For nearly a decade the Global Fairness Initiative (GFI) has been a leader in providing solutions that open economic access and opportunity for working poor communities around the globe. Women represent the greatest potential for putting an end to the cycle of poverty; because of this GFI programs focus on improving business practices for peri-urban and rural women-run businesses so that they can increase profits.
The WFGP program is a collaborative project of GFI, the Self Employed Women’s Association (SEWA), and the Brookings Insitution. It is designed to open doors to education, environmental innovations, and market access for women farmers in India. By giving women farmers the information and tools needed to run their businesses, GFI and its partners are helping to raise women and their families out of poverty.
Agriculture makes up to 60% of India’s economy. Although it comprises the vast majority of the economy, it only accounts for 19% of India’s GDP. To add to the pressures of rural workers, agricultural productivity has stagnated in recent years, resulting in a decline of farmer’s incomes. Concurrently, costs for fertilizer, seeds, land leases, and diesel continue to rise, trapping farmers in a vicious cycle of hard work with no security due to the instability of the agricultural markets.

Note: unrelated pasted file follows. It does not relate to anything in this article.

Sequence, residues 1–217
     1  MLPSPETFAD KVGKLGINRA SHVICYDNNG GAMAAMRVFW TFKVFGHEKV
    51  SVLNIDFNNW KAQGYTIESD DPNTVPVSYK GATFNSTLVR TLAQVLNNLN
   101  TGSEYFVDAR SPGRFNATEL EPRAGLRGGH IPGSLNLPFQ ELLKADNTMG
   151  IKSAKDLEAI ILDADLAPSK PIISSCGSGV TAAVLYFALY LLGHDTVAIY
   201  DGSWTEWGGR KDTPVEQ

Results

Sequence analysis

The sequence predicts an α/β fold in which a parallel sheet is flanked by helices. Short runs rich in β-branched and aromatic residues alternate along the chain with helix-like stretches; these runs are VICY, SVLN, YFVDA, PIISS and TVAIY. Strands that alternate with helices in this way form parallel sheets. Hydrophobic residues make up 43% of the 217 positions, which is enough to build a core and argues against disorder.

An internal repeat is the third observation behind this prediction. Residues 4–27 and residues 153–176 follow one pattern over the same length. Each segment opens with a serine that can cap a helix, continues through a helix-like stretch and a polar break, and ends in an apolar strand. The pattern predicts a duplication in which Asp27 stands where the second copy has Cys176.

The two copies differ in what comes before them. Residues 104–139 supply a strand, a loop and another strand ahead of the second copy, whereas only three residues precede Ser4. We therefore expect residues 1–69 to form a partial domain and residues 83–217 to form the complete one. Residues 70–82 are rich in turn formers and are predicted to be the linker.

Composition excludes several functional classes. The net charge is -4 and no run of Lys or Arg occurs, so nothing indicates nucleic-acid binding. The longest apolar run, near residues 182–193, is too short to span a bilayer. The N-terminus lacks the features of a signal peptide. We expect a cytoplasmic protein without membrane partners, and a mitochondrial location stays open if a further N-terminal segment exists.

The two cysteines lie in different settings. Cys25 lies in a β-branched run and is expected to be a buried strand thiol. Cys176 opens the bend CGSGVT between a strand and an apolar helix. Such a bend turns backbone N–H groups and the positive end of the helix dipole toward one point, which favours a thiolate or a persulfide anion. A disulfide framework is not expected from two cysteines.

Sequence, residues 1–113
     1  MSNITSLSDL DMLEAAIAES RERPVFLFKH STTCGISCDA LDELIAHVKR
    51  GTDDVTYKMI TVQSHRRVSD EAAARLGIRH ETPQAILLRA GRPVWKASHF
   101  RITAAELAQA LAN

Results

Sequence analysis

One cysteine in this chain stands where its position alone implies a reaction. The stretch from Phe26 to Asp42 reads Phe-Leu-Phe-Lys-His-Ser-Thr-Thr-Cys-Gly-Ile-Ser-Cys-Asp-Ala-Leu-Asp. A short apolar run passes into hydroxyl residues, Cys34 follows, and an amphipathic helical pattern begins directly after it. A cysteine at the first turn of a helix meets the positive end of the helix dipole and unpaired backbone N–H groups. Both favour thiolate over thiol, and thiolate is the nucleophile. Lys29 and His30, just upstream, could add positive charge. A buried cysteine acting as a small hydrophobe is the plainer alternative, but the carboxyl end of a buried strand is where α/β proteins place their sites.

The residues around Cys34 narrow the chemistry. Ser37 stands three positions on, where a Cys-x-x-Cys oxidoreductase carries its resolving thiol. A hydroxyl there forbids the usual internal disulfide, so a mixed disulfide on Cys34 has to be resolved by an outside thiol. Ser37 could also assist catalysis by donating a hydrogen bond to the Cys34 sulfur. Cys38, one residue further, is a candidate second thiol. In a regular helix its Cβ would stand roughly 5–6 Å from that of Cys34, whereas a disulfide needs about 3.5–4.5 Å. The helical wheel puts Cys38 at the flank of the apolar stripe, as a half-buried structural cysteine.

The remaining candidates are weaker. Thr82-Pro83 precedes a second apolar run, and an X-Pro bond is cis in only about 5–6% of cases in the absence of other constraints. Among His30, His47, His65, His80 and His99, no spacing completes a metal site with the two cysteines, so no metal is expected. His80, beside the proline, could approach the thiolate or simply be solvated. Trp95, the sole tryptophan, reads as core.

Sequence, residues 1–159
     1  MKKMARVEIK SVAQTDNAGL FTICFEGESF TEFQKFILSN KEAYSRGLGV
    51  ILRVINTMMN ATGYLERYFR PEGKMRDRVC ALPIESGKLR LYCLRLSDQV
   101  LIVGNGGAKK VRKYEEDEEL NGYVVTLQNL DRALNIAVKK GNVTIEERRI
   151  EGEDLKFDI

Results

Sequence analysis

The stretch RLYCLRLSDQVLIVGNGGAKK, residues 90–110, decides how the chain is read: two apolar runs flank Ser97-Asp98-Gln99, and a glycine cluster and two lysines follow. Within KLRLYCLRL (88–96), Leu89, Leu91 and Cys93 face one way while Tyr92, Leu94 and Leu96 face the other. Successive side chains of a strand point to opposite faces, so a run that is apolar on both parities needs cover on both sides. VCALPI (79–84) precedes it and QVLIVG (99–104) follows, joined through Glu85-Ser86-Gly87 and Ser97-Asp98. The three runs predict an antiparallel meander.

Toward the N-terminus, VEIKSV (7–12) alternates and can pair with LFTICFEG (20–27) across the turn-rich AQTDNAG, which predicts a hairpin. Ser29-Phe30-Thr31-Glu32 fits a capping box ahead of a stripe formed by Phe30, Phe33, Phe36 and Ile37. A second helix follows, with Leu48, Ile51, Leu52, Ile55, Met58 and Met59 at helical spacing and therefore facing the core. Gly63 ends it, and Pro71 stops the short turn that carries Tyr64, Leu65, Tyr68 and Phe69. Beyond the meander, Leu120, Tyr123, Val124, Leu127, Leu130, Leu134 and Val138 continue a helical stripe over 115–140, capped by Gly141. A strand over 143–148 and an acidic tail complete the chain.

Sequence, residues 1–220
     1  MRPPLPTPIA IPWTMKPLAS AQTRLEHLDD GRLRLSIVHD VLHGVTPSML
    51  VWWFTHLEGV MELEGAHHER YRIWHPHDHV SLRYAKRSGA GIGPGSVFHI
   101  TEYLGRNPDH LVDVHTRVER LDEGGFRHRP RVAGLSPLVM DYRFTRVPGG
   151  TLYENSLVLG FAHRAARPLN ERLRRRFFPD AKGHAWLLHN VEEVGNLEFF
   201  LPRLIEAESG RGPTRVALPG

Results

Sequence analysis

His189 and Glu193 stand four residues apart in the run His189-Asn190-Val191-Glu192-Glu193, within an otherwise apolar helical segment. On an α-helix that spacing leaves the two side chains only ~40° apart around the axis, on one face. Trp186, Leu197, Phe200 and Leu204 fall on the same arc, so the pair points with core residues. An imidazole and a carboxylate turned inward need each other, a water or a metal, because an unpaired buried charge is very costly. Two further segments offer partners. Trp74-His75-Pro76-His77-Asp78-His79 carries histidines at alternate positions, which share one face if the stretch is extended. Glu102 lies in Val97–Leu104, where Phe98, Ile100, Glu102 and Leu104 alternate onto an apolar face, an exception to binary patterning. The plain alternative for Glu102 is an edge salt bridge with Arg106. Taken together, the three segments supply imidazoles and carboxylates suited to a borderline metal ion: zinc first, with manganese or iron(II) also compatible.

The majority of agricultural production is handled by women and adolescent girls. Farm work is even more demanding for women as women’s work is not traditionally recognized in policy making because, for the most part, their work remains within the informal sector, isn’t measured in real wages, and falls outside of market activity. Land rights also pose a problem for women; traditionally, land rights in India pass through a woman’s husband or to the eldest son. This also impedes their access to credit and collateral, leaving women marginalized from their local economy.
How GFI is Addressing the Challenge: Since 2008, GFI and its partners have worked hard to address the major issues facing women farmers where we are best to lend our expertise. In 2009, over 2,000 farmers received training in organic certification, business plan development, and precautionary measures to better face abrupt climate change. These trainings allow farmers to swiftly access information and address their most pressing concerns.
The most notable achievement has been the creation of women-run Trade Facilitation Centers and later, thanks to its success, their extension to village level Trade Centers. Trade Facilitation Centers have allowed thousands of women to have a safe space to develop business plans, learn more about finance options, and discuss policy change. Of equal importance, it has given women a space to showcase their products to potential buyers and access higher paying markets.